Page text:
Coronary sinus thrombosis
End-stage renal disease
Inferior vena cava
Coronary sinus thrombosis (CST) is an uncommon complication of instrumentation or procedures in the heart or great vessels. Here we present a case of spontaneous CST believed to be a manifestation of pylephlebitis with transient hepatic vasculature thrombus traveling to and lodging in the coronary sinus (CS). To the best of our knowledge, there are no reported cases of spontaneous CST as sequela of intra-abdominal infectious processes. The discussion highlights the anatomy of the cardiac venous system, the pathophysiology of thrombus formation, and treatment options for this rare but potentially serious and fatal condition.
A 61-year-old white woman was hospitalized for acute onset abdominal pain and nausea. She had been well until 1 day earlier when she began to have continuous nausea, non-projectile recurrent emesis of ingested matter, anorexia, and epigastric abdominal pain.
Her past medical history included end-stage renal disease (ESRD) and two previous renal transplants secondary to immunoglobulin A (IgA) nephropathy on chronic immunosuppressive therapy with subsequent graft failure requiring return to hemodialysis for the past 3 years, non-ischemic dilated cardiomyopathy with nadir ejection fraction (EF) of 15 to 20%, hypertension, paroxysmal atrial fibrillation not on chronic systemic anticoagulation, mild to moderate non-obstructive coronary artery disease, and history of recurrent diverticulitis. She is unemployed, a former tobacco smoker quitting in 1993, she denied alcohol or recreational drug use, has no significant family history, and is allergic to angiotensin-converting enzyme (ACE) inhibitors (cough). Home medications include aspirin, atorvastatin, carvedilol, losartan, clonidine, and hydralazine.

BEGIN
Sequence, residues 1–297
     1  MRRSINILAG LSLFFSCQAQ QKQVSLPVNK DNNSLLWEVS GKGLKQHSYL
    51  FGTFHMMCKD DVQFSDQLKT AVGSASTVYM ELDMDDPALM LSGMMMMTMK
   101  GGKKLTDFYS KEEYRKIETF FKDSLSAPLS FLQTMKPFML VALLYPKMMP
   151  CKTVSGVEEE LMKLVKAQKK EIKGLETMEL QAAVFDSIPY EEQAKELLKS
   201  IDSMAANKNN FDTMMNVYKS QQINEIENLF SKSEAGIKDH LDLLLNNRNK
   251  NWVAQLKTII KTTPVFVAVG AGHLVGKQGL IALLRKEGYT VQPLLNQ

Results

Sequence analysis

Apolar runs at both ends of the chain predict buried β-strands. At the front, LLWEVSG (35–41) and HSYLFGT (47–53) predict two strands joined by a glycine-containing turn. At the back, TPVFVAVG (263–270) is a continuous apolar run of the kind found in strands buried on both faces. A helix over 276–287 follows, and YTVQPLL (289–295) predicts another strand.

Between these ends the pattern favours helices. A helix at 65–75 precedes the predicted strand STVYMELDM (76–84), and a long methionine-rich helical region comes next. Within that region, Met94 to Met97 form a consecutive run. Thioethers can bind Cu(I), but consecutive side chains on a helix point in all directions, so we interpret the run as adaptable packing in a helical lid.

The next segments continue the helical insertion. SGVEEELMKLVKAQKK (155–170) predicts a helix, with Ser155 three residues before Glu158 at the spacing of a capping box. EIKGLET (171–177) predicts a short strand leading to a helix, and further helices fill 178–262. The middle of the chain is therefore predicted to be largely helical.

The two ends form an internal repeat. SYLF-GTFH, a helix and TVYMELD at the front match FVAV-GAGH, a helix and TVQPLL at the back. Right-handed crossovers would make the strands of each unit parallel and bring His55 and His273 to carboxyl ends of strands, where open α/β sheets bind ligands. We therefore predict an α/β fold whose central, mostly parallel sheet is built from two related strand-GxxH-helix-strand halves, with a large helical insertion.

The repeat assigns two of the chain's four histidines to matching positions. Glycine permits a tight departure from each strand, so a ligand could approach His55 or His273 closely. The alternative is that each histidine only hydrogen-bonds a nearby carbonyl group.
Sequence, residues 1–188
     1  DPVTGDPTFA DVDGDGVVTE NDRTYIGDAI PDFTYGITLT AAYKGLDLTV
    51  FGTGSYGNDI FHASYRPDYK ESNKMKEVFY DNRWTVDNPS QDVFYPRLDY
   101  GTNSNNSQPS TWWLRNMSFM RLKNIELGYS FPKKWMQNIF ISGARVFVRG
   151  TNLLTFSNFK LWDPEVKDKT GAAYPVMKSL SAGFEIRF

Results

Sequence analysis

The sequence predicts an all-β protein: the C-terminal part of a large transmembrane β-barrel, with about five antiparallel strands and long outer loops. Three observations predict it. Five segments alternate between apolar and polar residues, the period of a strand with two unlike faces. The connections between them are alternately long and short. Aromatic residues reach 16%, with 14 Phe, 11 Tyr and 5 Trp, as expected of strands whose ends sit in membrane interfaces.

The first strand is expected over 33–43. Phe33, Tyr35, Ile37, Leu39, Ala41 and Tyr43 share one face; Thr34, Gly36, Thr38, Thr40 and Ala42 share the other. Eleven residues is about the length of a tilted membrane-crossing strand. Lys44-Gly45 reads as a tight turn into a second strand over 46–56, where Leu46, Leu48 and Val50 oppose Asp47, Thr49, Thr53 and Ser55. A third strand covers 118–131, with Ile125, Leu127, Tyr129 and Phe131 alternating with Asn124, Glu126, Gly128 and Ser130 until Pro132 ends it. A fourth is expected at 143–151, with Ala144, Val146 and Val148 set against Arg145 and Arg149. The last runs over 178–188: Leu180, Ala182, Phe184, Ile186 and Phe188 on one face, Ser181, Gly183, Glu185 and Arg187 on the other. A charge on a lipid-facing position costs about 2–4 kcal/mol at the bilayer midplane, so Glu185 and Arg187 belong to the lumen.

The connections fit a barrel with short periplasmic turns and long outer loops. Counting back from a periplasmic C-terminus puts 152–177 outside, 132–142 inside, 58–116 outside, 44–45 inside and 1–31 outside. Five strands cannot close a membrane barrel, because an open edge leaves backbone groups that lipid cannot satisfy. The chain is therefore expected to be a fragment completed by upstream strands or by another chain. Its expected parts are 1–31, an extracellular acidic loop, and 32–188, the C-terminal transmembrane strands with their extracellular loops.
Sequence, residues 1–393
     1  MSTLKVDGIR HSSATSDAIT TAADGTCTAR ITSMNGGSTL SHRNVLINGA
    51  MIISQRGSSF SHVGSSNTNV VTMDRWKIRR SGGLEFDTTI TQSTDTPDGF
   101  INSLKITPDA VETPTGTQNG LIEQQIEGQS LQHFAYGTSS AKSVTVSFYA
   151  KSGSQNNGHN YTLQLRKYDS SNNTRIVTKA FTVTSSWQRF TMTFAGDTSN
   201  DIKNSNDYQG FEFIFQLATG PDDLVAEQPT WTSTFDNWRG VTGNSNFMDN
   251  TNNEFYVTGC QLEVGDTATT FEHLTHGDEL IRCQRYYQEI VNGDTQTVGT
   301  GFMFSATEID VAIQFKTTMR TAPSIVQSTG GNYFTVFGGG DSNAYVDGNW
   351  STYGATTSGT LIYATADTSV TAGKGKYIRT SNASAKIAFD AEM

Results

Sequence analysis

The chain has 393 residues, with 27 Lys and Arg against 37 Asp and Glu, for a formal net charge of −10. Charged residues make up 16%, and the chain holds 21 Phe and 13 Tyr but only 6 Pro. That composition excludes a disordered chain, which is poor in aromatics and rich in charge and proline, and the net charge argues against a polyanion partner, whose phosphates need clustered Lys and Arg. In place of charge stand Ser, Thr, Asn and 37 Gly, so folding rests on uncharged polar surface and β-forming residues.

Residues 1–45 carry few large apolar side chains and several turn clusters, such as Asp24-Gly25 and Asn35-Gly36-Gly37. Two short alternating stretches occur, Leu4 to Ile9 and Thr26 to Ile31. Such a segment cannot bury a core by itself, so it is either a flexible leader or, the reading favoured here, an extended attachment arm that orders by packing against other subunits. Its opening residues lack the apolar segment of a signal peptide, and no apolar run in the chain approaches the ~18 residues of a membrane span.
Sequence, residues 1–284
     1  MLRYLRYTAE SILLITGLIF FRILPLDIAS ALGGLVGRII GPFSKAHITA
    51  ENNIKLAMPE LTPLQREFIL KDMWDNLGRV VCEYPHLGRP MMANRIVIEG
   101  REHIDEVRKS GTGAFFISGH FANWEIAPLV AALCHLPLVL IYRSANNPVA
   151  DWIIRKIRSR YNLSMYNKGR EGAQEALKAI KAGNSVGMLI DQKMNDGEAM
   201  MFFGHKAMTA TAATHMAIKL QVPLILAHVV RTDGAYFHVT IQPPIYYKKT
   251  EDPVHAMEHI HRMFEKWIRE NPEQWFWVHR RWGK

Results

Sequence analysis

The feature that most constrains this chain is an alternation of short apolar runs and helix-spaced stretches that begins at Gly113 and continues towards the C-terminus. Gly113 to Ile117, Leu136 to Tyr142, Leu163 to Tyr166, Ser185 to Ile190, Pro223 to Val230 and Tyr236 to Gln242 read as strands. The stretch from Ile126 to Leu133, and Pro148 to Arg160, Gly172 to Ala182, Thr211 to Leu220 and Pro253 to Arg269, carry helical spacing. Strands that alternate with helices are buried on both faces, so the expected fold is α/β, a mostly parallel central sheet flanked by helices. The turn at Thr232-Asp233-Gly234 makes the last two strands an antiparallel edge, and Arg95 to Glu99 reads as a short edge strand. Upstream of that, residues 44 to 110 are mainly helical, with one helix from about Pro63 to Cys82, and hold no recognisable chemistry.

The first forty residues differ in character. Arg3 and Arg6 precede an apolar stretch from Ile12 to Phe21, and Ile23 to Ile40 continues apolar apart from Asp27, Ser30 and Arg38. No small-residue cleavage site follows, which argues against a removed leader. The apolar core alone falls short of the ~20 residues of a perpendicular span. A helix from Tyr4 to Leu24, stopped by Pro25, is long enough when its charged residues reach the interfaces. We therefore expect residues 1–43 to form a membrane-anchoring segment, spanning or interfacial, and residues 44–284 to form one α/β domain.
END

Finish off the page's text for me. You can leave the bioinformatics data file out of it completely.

On physical examination, she appeared acutely sick, afebrile, and normotensive with normal pulse oxygen saturation. A cardiovascular examination was significant for regular rate and rhythm with a 2/6 systolic murmur heard throughout the precordium. Pulmonary and neurologic examinations were unremarkable; extremity examination was notable for left upper extremity fistula with palpable thrill and mild pitting edema in bilateral lower extremities extending to mid-shin. Her abdomen was soft, mildly distended, and tender to palpation in the epigastrium without Murphy’s sign or rebound tenderness.
Hematology and chemistry panels were significant for neutrophilic leukocytosis (14.5 k/mm3), mild normocytic anemia (9.8 g/dL), hyponatremia (128 mEq/L), and hyperkalemia (6.1 mEq/L). Hepatic panel showed: transaminitis with aspartate aminotransferase (AST) 1078 and alanine aminotransferase (ALT) 660 IU/L; with normal total and fractional bilirubin; and mildly elevated alkaline phosphatase (113 IU/L). Evaluations for acetaminophen toxicity, infectious and autoimmune hepatitis, primary biliary cirrhosis, primary sclerosing cholangitis, and Wilson’s disease were unremarkable. Telemetry and electrocardiogram illustrated known paroxysmal atrial fibrillation.
Computed tomography (CT) of her abdomen and pelvis with intravenous contrast was negative for acute intra-abdominal pathology including thrombosis of the hepatic veins, but incidentally identified an oval-shaped filling defect at the junction of the right atrium and CS suspicious for thrombus or mass (Fig. 1a). Transesophageal echocardiogram (TEE), a better imaging modality for tissue characterization and assessment of the right atrium and CS, demonstrated a 1.5 × 1.5 cm echogenic globular mass at the ostium of the CS consistent with thrombus (Fig. 1b). The left ventricle was normal in size, but systolic function was mildly depressed.